Rider in the Sand
The troops were moving slowly now, baking in the hot desert sun at midday. Everything and everyone was covered in a heavy layer of sweat and sand grit. The general, atop his steed, wearily adjusted the sword at his side and checked his maps once more. As long as they stopped at the Laine Costa River within the hour they would have enough time to rest and refresh and still make the city before nightfall.
“Who the bloody hell is that?” Sir Andrew barked next to him, pointing off in the east at a small white speck moving rapidly towards the caravan. “We’ve no messengers with white horses but someone has the banner.”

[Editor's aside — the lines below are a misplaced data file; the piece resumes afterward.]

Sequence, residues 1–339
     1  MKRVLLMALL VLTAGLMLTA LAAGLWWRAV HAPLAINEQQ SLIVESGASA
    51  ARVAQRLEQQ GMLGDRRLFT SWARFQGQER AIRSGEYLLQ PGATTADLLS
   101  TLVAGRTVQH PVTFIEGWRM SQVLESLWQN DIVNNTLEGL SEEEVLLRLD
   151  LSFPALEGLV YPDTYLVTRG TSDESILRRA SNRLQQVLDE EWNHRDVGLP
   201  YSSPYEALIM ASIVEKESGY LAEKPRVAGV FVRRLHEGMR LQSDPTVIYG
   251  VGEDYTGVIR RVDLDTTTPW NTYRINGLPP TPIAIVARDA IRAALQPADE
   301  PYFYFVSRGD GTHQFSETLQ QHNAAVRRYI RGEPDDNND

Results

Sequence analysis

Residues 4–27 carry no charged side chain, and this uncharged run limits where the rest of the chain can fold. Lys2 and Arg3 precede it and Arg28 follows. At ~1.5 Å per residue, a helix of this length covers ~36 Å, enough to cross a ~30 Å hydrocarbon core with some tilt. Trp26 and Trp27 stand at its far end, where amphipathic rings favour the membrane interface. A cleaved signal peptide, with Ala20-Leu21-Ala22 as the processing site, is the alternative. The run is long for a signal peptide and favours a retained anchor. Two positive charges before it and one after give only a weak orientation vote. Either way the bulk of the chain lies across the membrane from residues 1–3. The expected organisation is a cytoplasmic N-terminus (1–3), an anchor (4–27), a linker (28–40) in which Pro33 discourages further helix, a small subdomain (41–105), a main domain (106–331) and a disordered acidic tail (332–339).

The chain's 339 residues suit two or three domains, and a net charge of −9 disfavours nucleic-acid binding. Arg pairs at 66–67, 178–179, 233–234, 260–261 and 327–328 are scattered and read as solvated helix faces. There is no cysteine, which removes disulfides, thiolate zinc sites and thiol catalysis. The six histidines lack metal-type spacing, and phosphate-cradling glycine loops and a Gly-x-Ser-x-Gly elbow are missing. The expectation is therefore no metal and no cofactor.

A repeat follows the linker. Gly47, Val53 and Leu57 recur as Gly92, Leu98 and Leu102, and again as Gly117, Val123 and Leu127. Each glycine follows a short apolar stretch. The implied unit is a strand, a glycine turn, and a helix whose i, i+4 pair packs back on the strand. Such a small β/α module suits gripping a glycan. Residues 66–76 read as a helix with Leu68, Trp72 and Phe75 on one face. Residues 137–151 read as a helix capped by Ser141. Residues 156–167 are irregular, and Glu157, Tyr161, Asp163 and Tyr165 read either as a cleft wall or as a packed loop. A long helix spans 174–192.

“Whoever it is,” the general answered as the speck grew larger, “we shall know soon enough. That horse could not move any faster had he wings and his rider must be made of cloud for him to leap those rocks so lightly.”
At this Sir Walter jerked his head towards the horse and rider and stared intently. “That is no messenger of yours,” he answered sharply, “that is my Lady Ann.”